The Politics of Continuity:British Foreign Policy and the Labour Government, 1945-6
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This original and lucid book examines the foreign policy of the British Labour government in the aftermath of the Second World War. It exposes Britain’s complicity in the creation of the Cold War and emphasizes the continuity between Labour’s policies and those of Churchill’s coalition government, underscoring the political influence exercised by senior members of the Foreign Office.
Drawing on substantial new research, Saville focuses on the role of Ernest Bevin and his differences with Clement Atlee, particularly with regard to Middle East. Countering the widely held view that Bevin sought accommodation with the Soviet Union, he reveals Labour’s Foreign Secretary as a fervent ideologue, wholly in agreement with the deep-seated anti-Sovietism of his permanent officials. Saville moves beyond the ‘revolutionist’ American scholarship of the 1960s and 70s to show th2 Foreign Office, under Bevin’s generalship, vigorously encouraging and then collaborating with the Americans in the pursuit of Cold War policies.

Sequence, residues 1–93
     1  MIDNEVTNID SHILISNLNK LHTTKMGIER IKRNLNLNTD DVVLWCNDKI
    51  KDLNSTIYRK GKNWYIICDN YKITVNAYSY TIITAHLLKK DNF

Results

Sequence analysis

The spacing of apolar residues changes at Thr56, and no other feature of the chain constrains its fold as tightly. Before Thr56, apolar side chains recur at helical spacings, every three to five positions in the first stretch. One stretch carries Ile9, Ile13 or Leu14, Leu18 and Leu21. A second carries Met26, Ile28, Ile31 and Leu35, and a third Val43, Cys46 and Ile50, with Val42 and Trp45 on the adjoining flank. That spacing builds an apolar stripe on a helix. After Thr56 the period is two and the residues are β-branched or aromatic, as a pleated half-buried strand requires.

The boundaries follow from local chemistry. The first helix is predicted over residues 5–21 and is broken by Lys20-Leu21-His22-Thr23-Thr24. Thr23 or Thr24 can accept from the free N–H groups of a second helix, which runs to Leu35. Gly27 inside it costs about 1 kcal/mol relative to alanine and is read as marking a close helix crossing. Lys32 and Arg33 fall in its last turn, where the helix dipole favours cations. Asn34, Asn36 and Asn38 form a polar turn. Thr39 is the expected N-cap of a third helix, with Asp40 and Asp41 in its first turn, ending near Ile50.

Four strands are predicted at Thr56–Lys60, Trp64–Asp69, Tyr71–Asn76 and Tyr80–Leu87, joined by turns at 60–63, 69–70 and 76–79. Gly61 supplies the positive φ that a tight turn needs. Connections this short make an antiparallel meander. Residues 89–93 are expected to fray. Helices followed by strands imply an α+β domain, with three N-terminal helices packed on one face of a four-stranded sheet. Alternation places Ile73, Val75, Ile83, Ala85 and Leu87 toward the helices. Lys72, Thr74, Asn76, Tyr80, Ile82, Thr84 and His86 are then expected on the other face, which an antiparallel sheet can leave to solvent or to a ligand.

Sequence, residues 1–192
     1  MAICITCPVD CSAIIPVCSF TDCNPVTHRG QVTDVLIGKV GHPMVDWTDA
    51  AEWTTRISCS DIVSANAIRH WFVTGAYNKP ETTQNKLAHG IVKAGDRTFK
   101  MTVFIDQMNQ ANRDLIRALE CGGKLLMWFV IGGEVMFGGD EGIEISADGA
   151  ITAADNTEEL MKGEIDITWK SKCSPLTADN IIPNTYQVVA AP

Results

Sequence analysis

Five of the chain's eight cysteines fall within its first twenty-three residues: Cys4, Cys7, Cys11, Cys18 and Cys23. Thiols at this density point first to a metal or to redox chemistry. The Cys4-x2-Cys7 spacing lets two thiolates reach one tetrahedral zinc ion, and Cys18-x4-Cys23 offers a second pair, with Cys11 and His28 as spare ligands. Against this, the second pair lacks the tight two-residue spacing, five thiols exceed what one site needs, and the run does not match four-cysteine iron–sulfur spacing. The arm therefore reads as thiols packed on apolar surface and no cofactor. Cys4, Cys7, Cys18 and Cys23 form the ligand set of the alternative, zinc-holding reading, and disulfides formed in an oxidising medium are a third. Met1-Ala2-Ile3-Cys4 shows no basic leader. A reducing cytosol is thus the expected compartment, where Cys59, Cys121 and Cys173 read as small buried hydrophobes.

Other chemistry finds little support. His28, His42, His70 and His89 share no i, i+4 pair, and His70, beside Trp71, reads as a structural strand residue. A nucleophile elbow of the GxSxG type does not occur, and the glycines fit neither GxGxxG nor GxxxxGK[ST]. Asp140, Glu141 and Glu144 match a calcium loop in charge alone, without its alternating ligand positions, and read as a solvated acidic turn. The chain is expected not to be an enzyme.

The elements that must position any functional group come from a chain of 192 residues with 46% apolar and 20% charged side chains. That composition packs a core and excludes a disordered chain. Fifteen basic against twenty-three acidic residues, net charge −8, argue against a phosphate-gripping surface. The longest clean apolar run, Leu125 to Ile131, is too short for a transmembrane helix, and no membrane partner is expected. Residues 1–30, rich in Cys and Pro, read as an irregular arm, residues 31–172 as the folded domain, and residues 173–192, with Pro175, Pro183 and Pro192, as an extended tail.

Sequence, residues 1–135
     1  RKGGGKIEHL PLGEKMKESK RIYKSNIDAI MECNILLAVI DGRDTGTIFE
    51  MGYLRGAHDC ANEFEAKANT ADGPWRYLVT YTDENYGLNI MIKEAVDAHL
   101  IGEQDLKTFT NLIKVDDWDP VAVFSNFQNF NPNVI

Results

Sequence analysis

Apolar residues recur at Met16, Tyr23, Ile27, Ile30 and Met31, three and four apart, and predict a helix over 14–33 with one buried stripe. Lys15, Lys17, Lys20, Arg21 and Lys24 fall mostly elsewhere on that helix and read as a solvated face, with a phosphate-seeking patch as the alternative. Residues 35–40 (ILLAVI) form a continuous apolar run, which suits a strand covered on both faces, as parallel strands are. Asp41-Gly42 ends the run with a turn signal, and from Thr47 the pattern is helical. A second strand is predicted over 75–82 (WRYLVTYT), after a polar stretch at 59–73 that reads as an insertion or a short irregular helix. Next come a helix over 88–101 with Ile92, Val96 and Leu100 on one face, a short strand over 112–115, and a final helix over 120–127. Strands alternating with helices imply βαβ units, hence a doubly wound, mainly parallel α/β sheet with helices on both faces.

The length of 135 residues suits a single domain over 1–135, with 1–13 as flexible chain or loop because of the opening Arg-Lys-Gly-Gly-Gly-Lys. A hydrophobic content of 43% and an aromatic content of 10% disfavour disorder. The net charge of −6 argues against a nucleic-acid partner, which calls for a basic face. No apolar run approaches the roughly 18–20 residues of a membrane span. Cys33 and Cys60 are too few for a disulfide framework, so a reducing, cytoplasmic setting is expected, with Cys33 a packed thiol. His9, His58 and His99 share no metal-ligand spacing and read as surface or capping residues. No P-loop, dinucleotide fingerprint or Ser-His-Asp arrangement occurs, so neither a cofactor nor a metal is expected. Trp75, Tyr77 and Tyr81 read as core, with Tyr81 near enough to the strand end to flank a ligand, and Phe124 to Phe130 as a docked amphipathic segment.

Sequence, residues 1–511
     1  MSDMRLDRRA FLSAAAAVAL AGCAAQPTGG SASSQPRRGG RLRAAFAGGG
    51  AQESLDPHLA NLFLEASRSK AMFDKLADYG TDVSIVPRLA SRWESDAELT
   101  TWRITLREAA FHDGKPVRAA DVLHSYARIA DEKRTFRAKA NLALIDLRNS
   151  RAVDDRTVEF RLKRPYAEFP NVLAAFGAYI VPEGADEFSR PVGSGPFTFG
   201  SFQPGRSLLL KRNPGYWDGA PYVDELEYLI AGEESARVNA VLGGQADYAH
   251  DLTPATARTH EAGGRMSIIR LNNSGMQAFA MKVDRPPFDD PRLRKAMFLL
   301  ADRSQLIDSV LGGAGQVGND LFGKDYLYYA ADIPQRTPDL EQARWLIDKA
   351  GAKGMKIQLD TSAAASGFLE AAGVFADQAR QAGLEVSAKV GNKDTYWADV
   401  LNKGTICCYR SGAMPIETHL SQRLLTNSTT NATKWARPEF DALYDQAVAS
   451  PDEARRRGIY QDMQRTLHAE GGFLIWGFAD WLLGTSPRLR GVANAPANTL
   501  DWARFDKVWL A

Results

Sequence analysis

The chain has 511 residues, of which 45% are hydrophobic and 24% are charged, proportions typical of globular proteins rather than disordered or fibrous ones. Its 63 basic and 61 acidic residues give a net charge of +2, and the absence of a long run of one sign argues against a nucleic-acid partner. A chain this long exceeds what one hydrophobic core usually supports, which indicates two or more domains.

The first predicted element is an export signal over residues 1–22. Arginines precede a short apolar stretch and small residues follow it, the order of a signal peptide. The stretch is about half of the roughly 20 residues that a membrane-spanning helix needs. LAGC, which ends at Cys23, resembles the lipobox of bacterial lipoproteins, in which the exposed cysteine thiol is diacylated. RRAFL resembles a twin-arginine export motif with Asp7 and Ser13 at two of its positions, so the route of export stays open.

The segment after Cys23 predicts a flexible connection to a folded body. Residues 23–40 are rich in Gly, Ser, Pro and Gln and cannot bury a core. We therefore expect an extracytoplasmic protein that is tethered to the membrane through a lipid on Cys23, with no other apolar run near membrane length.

The Politics of Continuity opens new avenues in the post-war diplomatic record. It will create a wide-ranging debate among historians and prove to be necessary work of reference for all those interested in international relations.